Legal help. If you know your abuser, you may be able to obtain a court order that warns your abuser that coming near you will be another crime. In Wisconsin, these are called restraining or protective orders, and they are available to people who have lived together or been in a dating relationship, regardless of gender or sexual orientation. Information on obtaining restraining orders in Wisconsin is available at https://www.doj.state.wi.us/ocvs/victim-rights/restraining-orders.
Medications. Few violent crime survivors sail through the first weeks and months without major emotional or physical challenges. Many individuals self-medicate with alcohol or drugs. These may not be the best responses, since they may increase your risk of being re-victimized, becoming addicted, or encountering legal problems. Under a competent physician’s care, however, short-term courses of medications to help you sleep (which is critical to physical and emotional recovery), reduce your anxiety or depression, and even help lower incidents of flashbacks or other post-traumatic stress symptoms may be quite helpful. Just remember medication isn’t a cure-all: keep improving your emotional regulation and stress reduction skills. For more self-help techniques, check out “Self-help Techniques and Concepts” in FORGE’s Self-help Guide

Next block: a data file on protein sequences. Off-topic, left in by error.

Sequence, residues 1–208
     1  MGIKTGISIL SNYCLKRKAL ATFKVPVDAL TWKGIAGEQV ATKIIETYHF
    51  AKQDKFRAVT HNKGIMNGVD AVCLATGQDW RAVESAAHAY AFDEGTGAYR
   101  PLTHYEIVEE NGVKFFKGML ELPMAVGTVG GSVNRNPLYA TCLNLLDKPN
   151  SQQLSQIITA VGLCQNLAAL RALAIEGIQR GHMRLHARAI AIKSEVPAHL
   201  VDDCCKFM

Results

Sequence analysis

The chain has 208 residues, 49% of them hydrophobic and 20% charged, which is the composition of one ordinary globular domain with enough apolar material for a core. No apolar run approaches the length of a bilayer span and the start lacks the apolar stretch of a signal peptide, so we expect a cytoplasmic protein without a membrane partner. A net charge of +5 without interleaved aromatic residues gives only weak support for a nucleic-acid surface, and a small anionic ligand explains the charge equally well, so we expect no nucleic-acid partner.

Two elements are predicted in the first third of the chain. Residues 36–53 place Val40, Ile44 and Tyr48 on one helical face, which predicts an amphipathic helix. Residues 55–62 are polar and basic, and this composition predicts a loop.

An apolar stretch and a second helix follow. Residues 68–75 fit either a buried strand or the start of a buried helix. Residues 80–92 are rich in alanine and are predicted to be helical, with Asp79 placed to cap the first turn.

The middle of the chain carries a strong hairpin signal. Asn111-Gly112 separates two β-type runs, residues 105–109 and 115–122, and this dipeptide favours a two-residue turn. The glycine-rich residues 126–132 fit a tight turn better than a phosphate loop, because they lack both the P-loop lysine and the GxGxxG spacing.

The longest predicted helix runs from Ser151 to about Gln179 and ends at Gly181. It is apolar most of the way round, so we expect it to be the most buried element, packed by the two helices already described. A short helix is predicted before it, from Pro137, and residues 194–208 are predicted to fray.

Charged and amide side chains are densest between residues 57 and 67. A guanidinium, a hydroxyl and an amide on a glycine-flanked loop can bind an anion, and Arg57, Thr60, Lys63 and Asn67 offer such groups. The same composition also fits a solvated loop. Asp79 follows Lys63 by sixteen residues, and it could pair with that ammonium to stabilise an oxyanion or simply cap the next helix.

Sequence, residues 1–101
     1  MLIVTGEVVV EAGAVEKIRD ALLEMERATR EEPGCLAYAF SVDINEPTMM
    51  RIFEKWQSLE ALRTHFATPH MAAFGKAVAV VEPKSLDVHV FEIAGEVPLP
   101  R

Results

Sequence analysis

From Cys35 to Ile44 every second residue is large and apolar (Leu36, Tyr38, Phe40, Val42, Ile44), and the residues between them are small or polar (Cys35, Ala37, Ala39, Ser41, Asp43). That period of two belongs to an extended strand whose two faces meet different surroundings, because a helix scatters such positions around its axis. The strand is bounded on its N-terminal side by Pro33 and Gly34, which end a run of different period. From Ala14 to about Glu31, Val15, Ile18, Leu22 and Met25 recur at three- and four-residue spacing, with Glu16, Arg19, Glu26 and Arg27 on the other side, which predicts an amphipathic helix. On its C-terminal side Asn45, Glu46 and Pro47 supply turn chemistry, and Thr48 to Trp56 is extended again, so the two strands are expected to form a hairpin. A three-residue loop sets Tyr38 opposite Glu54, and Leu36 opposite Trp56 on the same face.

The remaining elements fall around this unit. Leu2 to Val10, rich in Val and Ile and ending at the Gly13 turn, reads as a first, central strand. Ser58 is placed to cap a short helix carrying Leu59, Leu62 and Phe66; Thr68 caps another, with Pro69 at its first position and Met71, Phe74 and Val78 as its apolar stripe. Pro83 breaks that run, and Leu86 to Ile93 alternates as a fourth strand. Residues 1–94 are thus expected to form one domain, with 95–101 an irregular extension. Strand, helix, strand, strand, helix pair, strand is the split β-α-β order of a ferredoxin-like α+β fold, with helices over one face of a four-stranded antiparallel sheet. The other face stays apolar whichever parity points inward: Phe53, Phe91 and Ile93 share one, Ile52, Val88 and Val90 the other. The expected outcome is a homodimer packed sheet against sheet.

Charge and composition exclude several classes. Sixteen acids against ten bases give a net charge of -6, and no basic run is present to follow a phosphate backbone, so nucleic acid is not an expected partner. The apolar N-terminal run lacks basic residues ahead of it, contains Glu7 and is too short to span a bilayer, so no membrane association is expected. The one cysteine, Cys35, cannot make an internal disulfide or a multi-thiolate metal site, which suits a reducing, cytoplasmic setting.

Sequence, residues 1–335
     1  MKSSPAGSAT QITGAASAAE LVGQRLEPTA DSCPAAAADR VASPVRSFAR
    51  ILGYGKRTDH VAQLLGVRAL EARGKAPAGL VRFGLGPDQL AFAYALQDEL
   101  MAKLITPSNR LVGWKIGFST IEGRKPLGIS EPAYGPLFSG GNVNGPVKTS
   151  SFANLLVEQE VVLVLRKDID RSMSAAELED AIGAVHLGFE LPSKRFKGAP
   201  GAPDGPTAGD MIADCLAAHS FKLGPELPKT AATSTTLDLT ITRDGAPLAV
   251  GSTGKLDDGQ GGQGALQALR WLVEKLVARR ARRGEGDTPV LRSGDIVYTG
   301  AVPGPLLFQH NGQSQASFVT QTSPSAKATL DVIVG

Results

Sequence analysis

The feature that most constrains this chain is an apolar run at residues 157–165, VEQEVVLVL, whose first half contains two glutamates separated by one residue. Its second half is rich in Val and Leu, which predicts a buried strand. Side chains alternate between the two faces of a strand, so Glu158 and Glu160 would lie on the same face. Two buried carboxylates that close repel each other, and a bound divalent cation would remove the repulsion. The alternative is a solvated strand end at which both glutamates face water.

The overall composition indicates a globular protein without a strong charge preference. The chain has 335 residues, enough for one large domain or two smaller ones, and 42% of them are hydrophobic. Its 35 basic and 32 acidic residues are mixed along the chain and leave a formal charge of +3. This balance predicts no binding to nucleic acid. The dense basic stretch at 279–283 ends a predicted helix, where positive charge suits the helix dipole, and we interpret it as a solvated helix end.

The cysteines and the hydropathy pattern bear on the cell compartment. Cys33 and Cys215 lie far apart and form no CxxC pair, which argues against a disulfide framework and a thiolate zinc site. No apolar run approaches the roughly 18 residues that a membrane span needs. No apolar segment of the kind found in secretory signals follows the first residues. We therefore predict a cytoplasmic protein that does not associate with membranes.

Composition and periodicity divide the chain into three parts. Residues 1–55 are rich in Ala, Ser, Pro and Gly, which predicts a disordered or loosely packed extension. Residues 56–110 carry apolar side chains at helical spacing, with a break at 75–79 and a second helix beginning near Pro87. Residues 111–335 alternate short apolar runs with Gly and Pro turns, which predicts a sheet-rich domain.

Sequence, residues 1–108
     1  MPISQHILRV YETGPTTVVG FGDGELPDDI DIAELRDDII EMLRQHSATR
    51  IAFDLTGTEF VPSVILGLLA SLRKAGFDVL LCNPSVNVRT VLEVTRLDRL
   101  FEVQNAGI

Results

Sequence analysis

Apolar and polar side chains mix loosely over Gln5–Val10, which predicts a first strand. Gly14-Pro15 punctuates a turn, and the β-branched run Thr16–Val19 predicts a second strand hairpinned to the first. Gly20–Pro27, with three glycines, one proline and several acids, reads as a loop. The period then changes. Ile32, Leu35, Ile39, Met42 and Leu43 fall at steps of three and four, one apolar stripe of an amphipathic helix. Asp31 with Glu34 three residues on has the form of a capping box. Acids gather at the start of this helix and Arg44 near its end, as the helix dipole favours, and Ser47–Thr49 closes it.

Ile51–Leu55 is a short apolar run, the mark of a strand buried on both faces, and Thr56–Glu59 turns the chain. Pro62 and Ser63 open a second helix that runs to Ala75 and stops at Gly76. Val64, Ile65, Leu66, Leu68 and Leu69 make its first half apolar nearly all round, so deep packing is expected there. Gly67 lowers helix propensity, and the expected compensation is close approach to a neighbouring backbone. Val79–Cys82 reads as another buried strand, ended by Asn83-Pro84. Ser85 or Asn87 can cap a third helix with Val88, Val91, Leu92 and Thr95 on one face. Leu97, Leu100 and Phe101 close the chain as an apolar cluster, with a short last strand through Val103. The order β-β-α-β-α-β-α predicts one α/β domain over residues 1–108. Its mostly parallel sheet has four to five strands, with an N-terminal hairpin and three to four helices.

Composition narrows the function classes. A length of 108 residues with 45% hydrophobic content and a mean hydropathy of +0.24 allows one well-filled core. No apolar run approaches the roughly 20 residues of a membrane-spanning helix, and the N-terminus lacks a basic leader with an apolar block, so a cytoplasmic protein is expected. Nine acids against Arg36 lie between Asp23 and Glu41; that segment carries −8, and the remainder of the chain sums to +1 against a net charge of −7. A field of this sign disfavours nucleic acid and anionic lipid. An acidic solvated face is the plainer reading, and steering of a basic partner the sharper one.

Psychotherapy. Some of the things a skilled therapist can help you with include: sorting through what you are and aren’t responsible for; addressing any shame or guilt you may feel; improving relationships that are struggling because of post-crime reactions; and improving the quality of your life. Just remember that it may take several attempts to find a therapist who “fits” you. FORGE has two resources to help here: Let’s Talk About It: A Transgender Survivor’s Guide to Accessing Therapy and a directory of trans-friendly SE Wisconsin mental health providers.
Alternative therapies. Alternative therapies can include herbal remedies and other over-the-counter healing agents like Bach’s Flower Remedies; massage and other types of bodywork; Reiki and other types of energywork; prayer; and many others. If you have found any of these methods useful in the past, consider using them again.